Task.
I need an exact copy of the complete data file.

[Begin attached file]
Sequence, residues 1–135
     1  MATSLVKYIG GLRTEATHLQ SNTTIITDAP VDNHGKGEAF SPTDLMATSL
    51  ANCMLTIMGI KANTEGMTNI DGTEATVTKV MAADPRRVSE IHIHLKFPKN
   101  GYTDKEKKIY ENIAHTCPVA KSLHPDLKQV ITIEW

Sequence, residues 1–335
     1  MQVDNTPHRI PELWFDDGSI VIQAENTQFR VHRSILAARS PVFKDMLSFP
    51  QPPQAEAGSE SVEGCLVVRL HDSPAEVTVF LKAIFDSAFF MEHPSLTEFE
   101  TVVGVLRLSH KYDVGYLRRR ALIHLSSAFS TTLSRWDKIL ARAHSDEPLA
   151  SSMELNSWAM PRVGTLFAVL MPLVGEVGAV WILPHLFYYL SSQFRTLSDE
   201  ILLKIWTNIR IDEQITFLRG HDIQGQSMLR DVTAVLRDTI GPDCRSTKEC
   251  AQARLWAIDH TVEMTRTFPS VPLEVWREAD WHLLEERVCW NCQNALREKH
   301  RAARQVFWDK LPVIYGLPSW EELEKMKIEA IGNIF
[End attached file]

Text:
Sequence, residues 1–135
     1  MATSLVKYIG GLRTEATHLQ SNTTIITDAP VDNHGKGEAF SPTDLMATSL
    51  ANCMLTIMGI KANTEGMTNI DGTEATVTKV MAADPRRVSE IHIHLKFPKN
   101  GYTDKEKKIY ENIAHTCPVA KSLHPDLKQV ITIEW

Sequence, residues 1–335
     1  MQVDNTPHRI PELWFDDGSI VIQAENTQFR VHRSILAARS PVFKDMLSFP
    51  QPPQAEAGSE SVEGCLVVRL HDSPAEVTVF LKAIFDSAFF MEHPSLTEFE
   101  TVVGVLRLSH KYDVGYLRRR ALIHLSSAFS TTLSRWDKIL ARAHSDEPLA
   151  SSMELNSWAM PRVGTLFAVL MPLVGEVGAV WILPHLFYYL SSQFRTLSDE
   201  ILLKIWTNIR IDEQITFLRG HDIQGQSMLR DVTAVLRDTI GPDCRSTKEC
   251  AQARLWAIDH TVEMTRTFPS VPLEVWREAD WHLLEERVCW NCQNALREKH
   301  RAARQVFWDK LPVIYGLPSW EELEKMKIEA IGNIF